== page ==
Language development and children's understanding of emotion from facial expressions
By looking at the influence of language development on children's understanding of emotion, insight can be gained into the role of affective-cognitive processes in emotional development. This study investigated the effects of language development on the ability to discriminate facial expressions of emotion and on the abilities to produce and to comprehend emotion-descriptive words. The emotions investigated were happiness, sadness, anger, fear, and surprise. Discrimination, production, and comprehension tasks were administered to 72 children with normal language development (i.e., appropriate for their age) and 57 children with delayed language development who were hearing-impaired. The results of a multiple analysis of variance revealed that the children with normal language development and children with delayed language development differed in their ability to discriminate facial expressions of emotion and in their abilities to produce and comprehend emotion-descriptive words. Discriminant analysis revealed scores on the production and comprehension tasks distinguished between the two groups of children. Further analyses revealed that children with normal language development were distinguished from children with delayed language development by their performance on the production task for the emotions of happiness, sadness, and surprise, and on the comprehension task for the emotion of sadness. Scores on the discrimination task did not distinguish the two groups of children. Consistent with the way level of language development was defined, age contributed to the separation of the groups. The findings suggest that children perceive differences in facial expressions of emotion before they have acquired the language skills that permit them to understand and use words that describe the emotional information in the expressions. The distinction, between children of different levels of language development, with respect to the abilities to produce and to comprehend specific emotion words was discussed in terms of differences in the cognitive demands of the two tasks. It was suggested that differences in production and comprehension abilities may be due to differences in the ways parents and others talk about emotions to children.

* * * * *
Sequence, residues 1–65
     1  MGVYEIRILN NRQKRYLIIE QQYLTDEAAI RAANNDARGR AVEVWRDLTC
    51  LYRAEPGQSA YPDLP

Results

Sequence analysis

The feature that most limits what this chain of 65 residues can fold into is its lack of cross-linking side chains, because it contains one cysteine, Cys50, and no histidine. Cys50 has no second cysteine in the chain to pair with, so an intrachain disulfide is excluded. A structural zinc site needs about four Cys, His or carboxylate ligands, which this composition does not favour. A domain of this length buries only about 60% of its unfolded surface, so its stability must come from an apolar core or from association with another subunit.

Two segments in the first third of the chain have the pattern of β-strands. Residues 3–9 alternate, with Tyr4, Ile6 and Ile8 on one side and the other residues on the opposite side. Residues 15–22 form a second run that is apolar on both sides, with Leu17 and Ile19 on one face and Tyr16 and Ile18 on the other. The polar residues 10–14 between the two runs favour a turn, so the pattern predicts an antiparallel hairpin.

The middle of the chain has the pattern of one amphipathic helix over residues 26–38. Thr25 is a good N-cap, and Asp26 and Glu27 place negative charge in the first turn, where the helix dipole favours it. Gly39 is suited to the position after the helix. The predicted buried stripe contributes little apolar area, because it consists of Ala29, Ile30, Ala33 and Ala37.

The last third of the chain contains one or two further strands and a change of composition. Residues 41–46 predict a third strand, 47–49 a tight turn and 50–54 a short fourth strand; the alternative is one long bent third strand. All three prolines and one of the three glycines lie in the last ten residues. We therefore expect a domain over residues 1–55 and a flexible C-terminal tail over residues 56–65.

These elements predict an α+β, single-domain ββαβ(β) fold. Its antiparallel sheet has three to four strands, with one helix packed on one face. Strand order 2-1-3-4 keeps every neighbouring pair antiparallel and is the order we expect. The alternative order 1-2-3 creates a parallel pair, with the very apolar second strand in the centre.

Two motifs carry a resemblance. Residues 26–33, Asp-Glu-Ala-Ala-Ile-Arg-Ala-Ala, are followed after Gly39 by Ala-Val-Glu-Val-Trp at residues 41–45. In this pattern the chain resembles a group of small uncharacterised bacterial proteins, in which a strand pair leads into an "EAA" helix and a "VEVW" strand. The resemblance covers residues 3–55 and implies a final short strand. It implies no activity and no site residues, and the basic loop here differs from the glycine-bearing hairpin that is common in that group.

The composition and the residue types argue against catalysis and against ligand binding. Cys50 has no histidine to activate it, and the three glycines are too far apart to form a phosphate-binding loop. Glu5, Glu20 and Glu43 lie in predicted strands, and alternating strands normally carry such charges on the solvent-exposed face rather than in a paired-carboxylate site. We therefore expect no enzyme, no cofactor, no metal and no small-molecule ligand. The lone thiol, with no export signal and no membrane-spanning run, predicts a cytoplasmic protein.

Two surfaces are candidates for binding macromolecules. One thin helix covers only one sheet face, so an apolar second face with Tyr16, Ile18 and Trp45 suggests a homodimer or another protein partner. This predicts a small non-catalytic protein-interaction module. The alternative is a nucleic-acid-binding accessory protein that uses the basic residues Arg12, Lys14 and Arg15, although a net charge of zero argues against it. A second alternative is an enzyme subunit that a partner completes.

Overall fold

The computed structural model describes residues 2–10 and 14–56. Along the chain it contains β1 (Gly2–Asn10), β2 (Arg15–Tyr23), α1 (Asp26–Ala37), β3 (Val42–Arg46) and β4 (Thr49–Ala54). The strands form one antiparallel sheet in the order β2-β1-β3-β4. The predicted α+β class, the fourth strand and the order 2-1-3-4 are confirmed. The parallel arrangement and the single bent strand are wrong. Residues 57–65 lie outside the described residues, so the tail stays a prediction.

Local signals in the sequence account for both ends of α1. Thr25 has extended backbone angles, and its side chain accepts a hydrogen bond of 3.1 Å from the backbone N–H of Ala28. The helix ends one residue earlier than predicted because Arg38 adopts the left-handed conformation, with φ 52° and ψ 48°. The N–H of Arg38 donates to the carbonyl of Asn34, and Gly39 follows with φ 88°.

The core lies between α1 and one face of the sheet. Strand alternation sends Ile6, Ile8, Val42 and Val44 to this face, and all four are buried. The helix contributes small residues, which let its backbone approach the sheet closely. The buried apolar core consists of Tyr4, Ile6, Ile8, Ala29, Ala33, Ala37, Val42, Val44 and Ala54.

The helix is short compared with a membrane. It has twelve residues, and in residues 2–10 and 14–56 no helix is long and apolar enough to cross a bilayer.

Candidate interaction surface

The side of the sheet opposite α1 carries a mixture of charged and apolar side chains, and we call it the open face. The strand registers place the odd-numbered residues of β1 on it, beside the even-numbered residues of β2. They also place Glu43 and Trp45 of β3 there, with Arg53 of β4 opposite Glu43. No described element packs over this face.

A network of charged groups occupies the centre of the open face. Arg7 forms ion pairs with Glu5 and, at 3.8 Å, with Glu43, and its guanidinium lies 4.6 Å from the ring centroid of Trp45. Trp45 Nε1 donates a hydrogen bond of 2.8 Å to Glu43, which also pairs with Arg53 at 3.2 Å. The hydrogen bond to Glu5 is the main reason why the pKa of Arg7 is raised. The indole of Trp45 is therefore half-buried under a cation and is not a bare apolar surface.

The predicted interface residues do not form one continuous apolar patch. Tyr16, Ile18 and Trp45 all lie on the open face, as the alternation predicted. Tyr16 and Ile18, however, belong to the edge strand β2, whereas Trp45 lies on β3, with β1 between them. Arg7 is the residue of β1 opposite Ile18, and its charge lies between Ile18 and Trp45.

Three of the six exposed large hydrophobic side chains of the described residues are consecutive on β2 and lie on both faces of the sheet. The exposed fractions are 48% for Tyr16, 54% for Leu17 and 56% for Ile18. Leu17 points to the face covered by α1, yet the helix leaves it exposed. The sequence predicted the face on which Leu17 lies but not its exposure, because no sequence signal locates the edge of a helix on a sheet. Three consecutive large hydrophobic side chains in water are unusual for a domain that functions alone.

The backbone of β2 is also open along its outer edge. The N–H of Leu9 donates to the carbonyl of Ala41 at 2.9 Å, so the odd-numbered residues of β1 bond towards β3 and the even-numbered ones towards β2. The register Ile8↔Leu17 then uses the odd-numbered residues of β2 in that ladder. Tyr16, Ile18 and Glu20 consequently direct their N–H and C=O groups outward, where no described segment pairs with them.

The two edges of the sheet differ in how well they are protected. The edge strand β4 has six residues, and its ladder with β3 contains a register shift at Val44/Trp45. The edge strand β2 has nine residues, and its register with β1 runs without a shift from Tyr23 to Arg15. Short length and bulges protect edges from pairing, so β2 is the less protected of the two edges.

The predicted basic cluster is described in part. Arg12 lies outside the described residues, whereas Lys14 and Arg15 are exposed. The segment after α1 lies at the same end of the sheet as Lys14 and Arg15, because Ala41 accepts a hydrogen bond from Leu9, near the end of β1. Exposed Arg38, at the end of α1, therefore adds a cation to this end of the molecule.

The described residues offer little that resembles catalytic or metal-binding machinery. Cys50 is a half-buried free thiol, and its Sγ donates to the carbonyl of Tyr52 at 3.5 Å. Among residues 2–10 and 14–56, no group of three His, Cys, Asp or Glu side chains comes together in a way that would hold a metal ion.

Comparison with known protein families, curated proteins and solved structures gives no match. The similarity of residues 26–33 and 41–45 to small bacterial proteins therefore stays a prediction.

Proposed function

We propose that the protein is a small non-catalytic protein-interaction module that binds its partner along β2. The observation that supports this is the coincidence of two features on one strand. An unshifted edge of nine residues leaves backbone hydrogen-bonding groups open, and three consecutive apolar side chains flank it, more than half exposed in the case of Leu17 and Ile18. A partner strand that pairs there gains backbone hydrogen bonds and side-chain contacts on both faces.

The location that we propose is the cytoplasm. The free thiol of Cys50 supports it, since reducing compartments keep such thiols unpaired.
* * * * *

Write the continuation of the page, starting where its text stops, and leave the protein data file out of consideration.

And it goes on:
Gross, Anne Louise, "Language development and children's understanding of emotion from facial expressions" (1990). ETD Collection for Fordham University. AAI9109231.